The social class determinants of income inequality and social cohesion.

Institute of Occupational and Environmental Health, West Virginia University School of Medicine, Morgantown 26506-9190, USA.
International Journal of Health Services (Impact Factor: 1.24). 01/1999; 29(4):699-732.
Source: PubMed

ABSTRACT The authors argue that Wilkinson's model omits important variables (social class) that make it vulnerable to biases due to model mis-specification. Furthermore, the culture of inequality hypothesis unnecessarily "psychopathologizes" the relatively deprived while omitting social determinants of disease related to production (environmental and occupational hazards) and the capacity of the relatively deprived for collective action. In addition, the hypothesis that being "disrespected" is a fundamental determinant of violence has already been refuted. Shying away from social mechanisms such as exploitation, workplace domination, or classist ideology might avoid conflict but reduce the income inequality model to a set of useful, but simple and wanting associations. Using a nonrecursive structural equation model that tests for reciprocal effects, the authors show that working-class position is negatively associated with social cohesion but positively associated with union membership. Thus, current indicators of social cohesion use middle-class standards for collective action that working-class communities are unlikely to meet. An erroneous characterization of working-class communities as noncohesive could be used to justify paternalistic or punitive social policies. These criticisms should not detract from an acknowledgment of Wilkinson's investigations as a leading empirical contribution to reviving social epidemiology at the end of the century.

  • [Show abstract] [Hide abstract]
    ABSTRACT: Richard Wilkinson and Kate Pickett's latest book, The Spirit Level: Why Equality is Best for Everyone, has caught the attention of academics and policymakers and stimulated debate across the left-right political spectrum. Interest in income inequality has remained unabated since the publication of Wilkinson's previous volume, Unhealthy Societies: The Afflictions of Inequality. While both books detail the negative health effects of income inequality, The Spirit Level expands the scope of its argument to also include social issues. The book, however, deals extensively with the explanation of how income inequality affects individual health. Little attention is given to political and economic explanations on how income inequality is generated in the first place. The volume ends with political solutions that carefully avoid state interventions such as limiting the private sector's role in the production of goods and services (e.g., non-profit sector, employee-ownership schemes). Although well-intentioned, these alternatives are insufficient to significantly reduce the health inequalities generated by contemporary capitalism in wealthy countries, let alone around the world.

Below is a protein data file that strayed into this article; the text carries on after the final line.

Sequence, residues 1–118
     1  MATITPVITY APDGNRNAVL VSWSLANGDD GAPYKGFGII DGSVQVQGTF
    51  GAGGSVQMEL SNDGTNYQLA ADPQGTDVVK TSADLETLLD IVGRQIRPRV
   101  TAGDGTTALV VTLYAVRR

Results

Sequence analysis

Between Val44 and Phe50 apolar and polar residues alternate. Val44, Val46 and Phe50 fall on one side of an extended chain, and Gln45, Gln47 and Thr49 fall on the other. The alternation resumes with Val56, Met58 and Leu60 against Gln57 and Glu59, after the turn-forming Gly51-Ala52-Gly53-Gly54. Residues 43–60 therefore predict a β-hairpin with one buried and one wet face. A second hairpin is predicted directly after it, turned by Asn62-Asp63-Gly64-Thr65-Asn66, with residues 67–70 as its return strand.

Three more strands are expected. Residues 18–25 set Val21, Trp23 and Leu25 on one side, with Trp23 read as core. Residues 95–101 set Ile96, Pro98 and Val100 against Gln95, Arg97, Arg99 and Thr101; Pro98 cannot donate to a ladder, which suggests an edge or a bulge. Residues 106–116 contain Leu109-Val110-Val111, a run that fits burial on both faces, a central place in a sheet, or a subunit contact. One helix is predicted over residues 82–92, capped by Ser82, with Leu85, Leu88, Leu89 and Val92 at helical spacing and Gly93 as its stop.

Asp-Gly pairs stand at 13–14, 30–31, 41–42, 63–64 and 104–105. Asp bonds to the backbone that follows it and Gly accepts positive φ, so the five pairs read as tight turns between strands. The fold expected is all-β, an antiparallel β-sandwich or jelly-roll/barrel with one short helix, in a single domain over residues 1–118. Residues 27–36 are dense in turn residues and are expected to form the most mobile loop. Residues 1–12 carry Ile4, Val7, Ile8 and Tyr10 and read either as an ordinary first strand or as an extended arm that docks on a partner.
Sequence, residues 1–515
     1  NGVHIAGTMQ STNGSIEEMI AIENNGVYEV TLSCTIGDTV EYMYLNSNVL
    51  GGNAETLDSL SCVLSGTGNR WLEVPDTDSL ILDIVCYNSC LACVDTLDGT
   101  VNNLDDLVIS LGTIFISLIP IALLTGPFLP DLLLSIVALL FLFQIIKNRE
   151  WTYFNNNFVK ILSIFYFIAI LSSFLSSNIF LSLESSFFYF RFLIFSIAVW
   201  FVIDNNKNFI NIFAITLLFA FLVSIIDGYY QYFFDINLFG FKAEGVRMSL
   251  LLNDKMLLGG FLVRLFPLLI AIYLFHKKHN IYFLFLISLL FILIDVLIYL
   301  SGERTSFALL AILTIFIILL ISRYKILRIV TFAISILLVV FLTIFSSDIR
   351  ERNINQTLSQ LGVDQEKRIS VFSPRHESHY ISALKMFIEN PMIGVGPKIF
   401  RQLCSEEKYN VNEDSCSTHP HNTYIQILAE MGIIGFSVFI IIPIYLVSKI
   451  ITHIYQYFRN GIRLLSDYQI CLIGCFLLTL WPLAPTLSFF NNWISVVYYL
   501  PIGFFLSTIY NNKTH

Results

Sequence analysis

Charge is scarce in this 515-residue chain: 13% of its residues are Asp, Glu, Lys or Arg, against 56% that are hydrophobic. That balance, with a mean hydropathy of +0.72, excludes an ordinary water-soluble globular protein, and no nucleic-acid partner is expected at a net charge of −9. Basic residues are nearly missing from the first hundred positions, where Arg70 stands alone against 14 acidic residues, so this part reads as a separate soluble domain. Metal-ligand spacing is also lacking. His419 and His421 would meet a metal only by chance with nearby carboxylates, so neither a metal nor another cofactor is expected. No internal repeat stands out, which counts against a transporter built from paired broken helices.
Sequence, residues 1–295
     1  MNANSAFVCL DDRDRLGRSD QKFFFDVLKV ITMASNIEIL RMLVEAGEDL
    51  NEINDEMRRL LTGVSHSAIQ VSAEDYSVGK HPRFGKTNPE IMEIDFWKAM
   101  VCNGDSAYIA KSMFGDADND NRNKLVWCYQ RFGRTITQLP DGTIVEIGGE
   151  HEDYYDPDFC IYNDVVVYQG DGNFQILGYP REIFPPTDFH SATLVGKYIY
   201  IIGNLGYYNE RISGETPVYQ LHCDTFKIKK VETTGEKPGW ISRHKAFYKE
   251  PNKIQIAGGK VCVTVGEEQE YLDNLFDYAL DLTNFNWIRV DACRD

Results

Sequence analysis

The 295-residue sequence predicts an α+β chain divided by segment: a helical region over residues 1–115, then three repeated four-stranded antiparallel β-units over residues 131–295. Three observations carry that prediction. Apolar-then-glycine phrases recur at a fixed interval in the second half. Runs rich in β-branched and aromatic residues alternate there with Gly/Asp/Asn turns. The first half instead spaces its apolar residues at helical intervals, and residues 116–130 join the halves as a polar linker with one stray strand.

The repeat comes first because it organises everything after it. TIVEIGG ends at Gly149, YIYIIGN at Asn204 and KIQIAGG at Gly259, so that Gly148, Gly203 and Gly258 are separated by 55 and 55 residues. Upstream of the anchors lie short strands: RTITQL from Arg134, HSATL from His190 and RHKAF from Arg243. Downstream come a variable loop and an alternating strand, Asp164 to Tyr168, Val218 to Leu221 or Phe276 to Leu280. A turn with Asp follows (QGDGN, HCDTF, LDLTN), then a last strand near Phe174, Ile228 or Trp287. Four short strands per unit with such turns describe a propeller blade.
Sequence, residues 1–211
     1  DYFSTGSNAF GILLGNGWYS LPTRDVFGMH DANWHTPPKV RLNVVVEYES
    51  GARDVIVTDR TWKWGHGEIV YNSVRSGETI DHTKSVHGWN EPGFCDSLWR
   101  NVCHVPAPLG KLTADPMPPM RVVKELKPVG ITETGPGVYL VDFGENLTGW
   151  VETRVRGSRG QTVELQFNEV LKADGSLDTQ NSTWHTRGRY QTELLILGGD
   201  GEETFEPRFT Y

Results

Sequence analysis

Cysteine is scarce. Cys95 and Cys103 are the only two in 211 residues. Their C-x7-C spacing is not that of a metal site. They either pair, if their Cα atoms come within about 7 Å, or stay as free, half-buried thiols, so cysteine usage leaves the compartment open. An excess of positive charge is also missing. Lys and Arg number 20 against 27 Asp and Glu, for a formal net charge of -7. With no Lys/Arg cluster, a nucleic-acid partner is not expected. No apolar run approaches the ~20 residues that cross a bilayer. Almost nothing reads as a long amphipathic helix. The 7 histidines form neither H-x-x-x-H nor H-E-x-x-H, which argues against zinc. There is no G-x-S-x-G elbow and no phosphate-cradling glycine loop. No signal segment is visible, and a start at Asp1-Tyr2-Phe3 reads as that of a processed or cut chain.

International Journal of Health Services 01/2012; 42(3):369-81. · 1.24 Impact Factor
  • Source
    [Show abstract] [Hide abstract]
    ABSTRACT: In recent years, a research area has emerged within social determinants of health that examines the role of politics, expressed as political traditions/parties and welfare state characteristics, on population health. To better understand and synthesise this growing body of evidence, the present literature review, informed by a political economy of health and welfare regimes framework, located 73 empirical and comparative studies on politics and health, meeting our inclusion criteria in three databases: PubMed (1948-), Sociological Abstracts (1953-), and ISI Web of Science (1900-). We identified two major research programmes, welfare regimes and democracy, and two emerging programmes, political tradition and globalisation. Primary findings include: (1) left and egalitarian political traditions on population health are the most salutary, consistent, and substantial; (2) the health impacts of advanced and liberal democracies are also positive and large; (3) welfare regime studies, primarily conducted among wealthy countries, find that social democratic regimes tend to fare best with absolute health outcomes yet consistently in terms of relative health inequalities; and (4) globalisation defined as dependency indicators such as trade, foreign investment, and national debt is negatively associated with population health. We end by discussing epistemological, theoretical, and methodological issues for consideration for future research.
    Sociology of Health & Illness 09/2011; 33(6):946-64. · 1.88 Impact Factor
  • Source
    [Show abstract] [Hide abstract]
    ABSTRACT: In multilevel modelling, interest in modeling the nested structure of hierarchical data has been accompanied by increasing attention to di¤erent forms of spatial interactions across different levels of the hierarchy. Neglecting such interactions is likely to create problems of inference, which typically assumes independence. In this paper we review approaches to multilevel modelling with spatial effects, and attempt to connect the two literatures,discussing the advantages and limitations of various approaches.


Available from